It Was a Cold, Dark, Stormy Night
Harmony House: Episode 14
“Harmony House” is a serial novel with episodes released every Tuesday morning. You can read the setup for the story or start from the beginning. Each episode comes with high-quality audio narration for you to enjoy on the go with the Substack mobile app.
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In the last episode, Jessie, grappling with the unexpected tranquility of his housemates and the lack of drama in Houze, finds himself surprisingly at ease with their presence. His overnight stay in the loft with Jayden, initially marked by caution and distance, evolves into an unexpectedly tender and emotionally revealing experience. Jessie confronts his grief over the loss of his son Mickey, sharing this intimate sorrow with Jayden. This encounter brings a sense of relief and human connection to Jessie, contrasting with his usual isolation.
It was dark.
Heavy weather had rolled in during the late afternoon, the gusts of wind buffeting their little vessel made the metal shell around them creak and the seal around the door whistle sympathetically. When the rain came, it pounded down on the glass and solar panels like a million finishing nails. At some point, it was mixed with hail which was so loud the six contestants could not hear each other speak without shouting.
Sometime after eight o’clock, all the power in Houze winked out once, twice, and after the third time, it didn’t come back on. Their personal devices were useful only in their capacity to be awkward flashlights because, with no power, there was no satellite dish, and with no dish, there was no connection to the outside world.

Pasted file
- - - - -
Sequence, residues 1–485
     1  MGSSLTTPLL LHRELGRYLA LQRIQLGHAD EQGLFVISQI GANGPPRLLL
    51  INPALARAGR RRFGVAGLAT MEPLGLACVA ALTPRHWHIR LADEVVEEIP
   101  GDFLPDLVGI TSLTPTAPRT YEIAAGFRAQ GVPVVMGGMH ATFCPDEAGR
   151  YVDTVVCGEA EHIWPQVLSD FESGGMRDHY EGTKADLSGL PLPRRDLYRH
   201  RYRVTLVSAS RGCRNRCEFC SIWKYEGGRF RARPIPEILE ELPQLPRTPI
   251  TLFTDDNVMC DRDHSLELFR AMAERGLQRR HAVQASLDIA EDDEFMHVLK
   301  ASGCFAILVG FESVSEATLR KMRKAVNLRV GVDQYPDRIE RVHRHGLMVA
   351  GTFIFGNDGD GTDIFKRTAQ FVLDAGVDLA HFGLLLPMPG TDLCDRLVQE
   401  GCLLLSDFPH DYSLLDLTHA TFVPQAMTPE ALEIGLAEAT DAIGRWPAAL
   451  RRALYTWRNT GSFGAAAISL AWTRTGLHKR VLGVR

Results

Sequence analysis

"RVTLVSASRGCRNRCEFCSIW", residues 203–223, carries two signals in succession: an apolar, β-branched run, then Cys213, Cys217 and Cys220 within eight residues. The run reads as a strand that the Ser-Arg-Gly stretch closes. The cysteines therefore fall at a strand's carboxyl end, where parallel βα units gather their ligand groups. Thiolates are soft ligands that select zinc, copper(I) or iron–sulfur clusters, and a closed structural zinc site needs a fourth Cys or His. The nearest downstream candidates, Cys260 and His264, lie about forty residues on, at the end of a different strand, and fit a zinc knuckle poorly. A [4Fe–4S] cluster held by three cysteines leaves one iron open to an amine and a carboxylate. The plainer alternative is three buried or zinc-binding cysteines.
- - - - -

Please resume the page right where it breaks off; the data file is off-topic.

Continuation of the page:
The assault of rain had retreated, and the house was not just quiet, but completely silent in the absence of all its major systems humming in the background.
“Well, this is just great,” Fran said from her seat in the corner of the couch. “What are we going to do?”
“I don’t understand. How can the power go out?” Cam said. “Wasn’t the big selling point of this place to be off the grid? Isn’t there some kind of backup generator thing-a-ma-jig?”
“The whole system is basically a backup generator,” Riley said. He was standing near the door and the light from his phone cast his face in stark shadow relief.
“It’s going to come back on, right? There’s gotta be some kind of auto-reset or something,” Cam said standing up from where he had been seated at the table next to Jayden.
“Not necessarily,” Jessie chimed in, his raspy baritone coming out of the pitch-dark hallway to the bedroom and startling everyone. “But they’ve probably got an alert system, so we won’t be stuck for long.”
“Well, it’s been over two hours,” Cam said. “So, I’m not holding my breath.”
“Someone’s got to do something!” Fran insisted. “Doesn’t one of you know how to fix it?”
“Oh sure,” Riley said. “Let me just jump outside and take a look. Oh wait, I can’t go outside unless I want to be disqualified.”
“But aren’t these extenuating circumstances?” Fran asked. “None of us would let you get kicked out if it came to that.”